You may have noticed protesters picketing outside screenings of Operation Condor. If you have been unlucky enough to have sat through this seven-year-old Jackie Chan reissue, you'd not hesitate to join them. The Arab-American protesters have every reason to speak up about the worse-than-Disney-caricature buffoons and savages Operation Condor purports them to be. But it is the celluloid consumer who values such apparent cinematic nuisances as motivation, pacing, character and, yes, action, in action flicks who should raise a stink about this stinker.
The movie begins promisingly enough. Charming Chan (as agent Jackie of some Vague Secret Intelligence Organization) is attacked by a lost tribe of aborigines while he's attempting to swipe their holy jewels (and inadvertently drinks their holier holy water). He escapes in a giant padded beach ball over a looks-like-thousands-of-feet drop into a rain forest. Roll opening credits and chock up the first of many not-so-subtle James Bond references.
Between the opening bookend and that of the completely absurd closing action sequence (we'll get to that), Chan sleepwalks through the threadbare plot. Apparently, at the end of WWII as Rommel was pulling the Nazis out of North Africa, one plucky general was the lucky recipient of a fortune in Nazi booty in the form of gold, gold and more gold. The stuff was squirreled away in an elaborate underground bunker and, as the war was lost and the troops housed in it committed mass suicide, lost to the sands of time. But thank goodness, Jackie is on the case, racing to beat the bad guys to the treasure. In tow with our hero are not the obligatory one Chan damsel in distress, but two (eventually Chan will add one other, Arabian, beauty to his burden). These flat-liner, proto-Spice Girl beauts will eventually contribute a cute little action pas de trois, wielding helmets against the baddies in the final conflict. But for the majority of Operation Condor, these ostensible "experts in their field" are bumbling eye candy. Think of them as Bond girls without all that meddling moxie.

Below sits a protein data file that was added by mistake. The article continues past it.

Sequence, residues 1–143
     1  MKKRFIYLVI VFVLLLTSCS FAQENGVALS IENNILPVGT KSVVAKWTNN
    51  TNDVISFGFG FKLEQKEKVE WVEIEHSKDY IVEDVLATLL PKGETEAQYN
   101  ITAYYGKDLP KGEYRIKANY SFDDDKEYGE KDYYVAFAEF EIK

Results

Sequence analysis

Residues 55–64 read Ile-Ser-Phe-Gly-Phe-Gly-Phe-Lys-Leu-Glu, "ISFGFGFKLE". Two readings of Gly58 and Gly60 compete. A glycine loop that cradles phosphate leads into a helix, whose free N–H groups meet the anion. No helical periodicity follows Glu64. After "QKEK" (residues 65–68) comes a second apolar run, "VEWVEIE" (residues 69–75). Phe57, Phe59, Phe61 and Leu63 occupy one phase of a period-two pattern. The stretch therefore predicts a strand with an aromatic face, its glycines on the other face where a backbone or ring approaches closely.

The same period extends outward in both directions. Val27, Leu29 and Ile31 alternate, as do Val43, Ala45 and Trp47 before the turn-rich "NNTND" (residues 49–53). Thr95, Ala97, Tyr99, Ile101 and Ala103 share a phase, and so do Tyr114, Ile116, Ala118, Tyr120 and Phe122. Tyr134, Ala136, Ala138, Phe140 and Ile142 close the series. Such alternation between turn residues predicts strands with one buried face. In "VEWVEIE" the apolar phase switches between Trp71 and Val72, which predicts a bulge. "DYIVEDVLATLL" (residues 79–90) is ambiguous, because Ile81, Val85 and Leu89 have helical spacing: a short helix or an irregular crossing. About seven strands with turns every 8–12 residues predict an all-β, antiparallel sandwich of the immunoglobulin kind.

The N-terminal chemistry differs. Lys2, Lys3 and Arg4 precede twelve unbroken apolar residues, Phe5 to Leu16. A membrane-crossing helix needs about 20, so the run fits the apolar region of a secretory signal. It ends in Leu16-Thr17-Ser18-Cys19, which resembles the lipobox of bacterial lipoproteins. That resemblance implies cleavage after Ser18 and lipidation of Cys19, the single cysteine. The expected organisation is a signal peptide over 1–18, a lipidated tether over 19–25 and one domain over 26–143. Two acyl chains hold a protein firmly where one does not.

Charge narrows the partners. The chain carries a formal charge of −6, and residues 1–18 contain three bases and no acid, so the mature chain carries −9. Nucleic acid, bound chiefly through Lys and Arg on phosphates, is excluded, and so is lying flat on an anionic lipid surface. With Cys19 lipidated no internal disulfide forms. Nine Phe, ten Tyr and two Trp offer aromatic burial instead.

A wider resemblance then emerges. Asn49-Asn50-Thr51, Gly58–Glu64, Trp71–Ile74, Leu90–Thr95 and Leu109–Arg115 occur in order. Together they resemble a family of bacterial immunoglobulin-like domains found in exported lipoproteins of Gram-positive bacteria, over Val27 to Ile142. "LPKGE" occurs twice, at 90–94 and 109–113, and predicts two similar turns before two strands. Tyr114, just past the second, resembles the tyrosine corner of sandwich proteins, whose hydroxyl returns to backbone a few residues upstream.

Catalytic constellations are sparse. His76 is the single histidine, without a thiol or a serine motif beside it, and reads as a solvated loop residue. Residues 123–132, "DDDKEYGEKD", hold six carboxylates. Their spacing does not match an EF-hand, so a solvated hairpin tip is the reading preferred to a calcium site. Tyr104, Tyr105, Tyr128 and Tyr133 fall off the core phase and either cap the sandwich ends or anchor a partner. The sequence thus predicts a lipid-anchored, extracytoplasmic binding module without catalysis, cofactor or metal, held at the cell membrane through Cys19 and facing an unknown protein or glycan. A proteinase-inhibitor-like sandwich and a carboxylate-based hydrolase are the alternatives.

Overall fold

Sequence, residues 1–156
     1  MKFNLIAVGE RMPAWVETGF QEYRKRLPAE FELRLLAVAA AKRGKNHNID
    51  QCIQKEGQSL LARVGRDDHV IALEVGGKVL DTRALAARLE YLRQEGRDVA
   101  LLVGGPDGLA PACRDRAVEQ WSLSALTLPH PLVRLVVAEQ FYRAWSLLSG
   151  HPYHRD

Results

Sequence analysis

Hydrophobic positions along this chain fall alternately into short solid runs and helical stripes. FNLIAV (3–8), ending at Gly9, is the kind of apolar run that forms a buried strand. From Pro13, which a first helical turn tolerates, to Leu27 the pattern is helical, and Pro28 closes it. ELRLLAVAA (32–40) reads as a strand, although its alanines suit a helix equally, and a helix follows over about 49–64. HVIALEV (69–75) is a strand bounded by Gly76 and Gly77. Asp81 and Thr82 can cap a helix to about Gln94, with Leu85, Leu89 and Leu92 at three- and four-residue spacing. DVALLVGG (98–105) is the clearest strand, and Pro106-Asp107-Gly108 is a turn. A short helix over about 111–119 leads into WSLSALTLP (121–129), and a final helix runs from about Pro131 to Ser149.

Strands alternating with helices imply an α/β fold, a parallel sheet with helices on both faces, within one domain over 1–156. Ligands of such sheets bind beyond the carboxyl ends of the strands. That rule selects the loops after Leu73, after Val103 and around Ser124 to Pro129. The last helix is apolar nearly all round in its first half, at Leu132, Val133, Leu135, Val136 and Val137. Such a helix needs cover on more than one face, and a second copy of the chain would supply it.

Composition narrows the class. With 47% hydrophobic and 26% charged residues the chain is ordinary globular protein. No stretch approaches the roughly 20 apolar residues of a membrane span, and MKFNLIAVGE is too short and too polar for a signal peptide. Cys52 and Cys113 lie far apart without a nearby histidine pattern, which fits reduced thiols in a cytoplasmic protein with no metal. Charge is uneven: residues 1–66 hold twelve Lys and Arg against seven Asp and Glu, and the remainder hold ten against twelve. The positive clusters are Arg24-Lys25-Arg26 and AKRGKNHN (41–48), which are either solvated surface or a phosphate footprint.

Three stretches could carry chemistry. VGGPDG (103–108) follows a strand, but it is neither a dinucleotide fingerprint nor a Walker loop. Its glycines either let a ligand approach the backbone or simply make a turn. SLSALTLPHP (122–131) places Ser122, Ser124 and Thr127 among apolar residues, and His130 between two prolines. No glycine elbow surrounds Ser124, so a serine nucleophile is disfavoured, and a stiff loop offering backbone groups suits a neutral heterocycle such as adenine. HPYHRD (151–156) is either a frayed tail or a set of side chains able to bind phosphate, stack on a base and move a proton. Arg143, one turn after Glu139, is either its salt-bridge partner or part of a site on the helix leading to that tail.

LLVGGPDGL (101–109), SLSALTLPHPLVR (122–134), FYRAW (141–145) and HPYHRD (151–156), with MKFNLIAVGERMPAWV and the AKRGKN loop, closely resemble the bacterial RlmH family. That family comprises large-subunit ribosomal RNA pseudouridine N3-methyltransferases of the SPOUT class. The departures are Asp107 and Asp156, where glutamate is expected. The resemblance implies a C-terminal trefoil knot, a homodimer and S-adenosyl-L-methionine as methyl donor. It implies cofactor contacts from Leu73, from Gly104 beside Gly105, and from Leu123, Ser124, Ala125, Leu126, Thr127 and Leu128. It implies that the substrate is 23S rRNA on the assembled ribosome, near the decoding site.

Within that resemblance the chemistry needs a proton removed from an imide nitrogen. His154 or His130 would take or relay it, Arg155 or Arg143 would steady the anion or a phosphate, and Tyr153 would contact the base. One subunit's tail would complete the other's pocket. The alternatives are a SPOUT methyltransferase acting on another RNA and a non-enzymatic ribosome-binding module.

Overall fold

After a painfully slow 40 minutes of uninspired exposition during which the dynamic trio encounters a pair of the aforementioned ahumorous religious zealot buffoons, crash and trash a desert babes-for-camels auction and stumble upon the hidden bunker, the real action should begin. But, alas, more unbridled mediocrity. An overly long, unfocused chase scene during which Chan and the gang open an extra small can of whup-ass on the lone survivor of the mass suicide and his crew of thugs leads eventually to the least fully realized anticlimactic ending since Eraser. In the alleged payoff scene, Chan and the girls are shot out of the bunker courtesy of a giant fan and wind tunnel as the fortress self-destructs.
The wheels on this reissue should've been pulled off long before the first overdub room was booked. Cultural correctness aside, whether you're an action movie fan or not, this is a film to stay away from in droves.
E-mail comments to email@example.com.
We welcome readers to submit letters regarding articles and content in Detroit Metro Times. Letters should be a minimum of 150 words, refer to content that has appeared on Detroit Metro Times, and must include the writer's full name, address, and phone number for verification purposes. No attachments will be considered. Writers of letters selected for publication will be notified via email. Letters may be edited and shortened for space.
Email us at firstname.lastname@example.org.
Detroit Metro Times works for you, and your support is essential.
Our small but mighty local team works tirelessly to bring you high-quality, uncensored news and cultural coverage of Detroit and beyond.
Unlike many newspapers, ours is free – and we'd like to keep it that way, because we believe, now more than ever, everyone deserves access to accurate, independent coverage of their community.
Whether it's a one-time acknowledgement of this article or an ongoing pledge, your support helps keep Detroit's true free press free.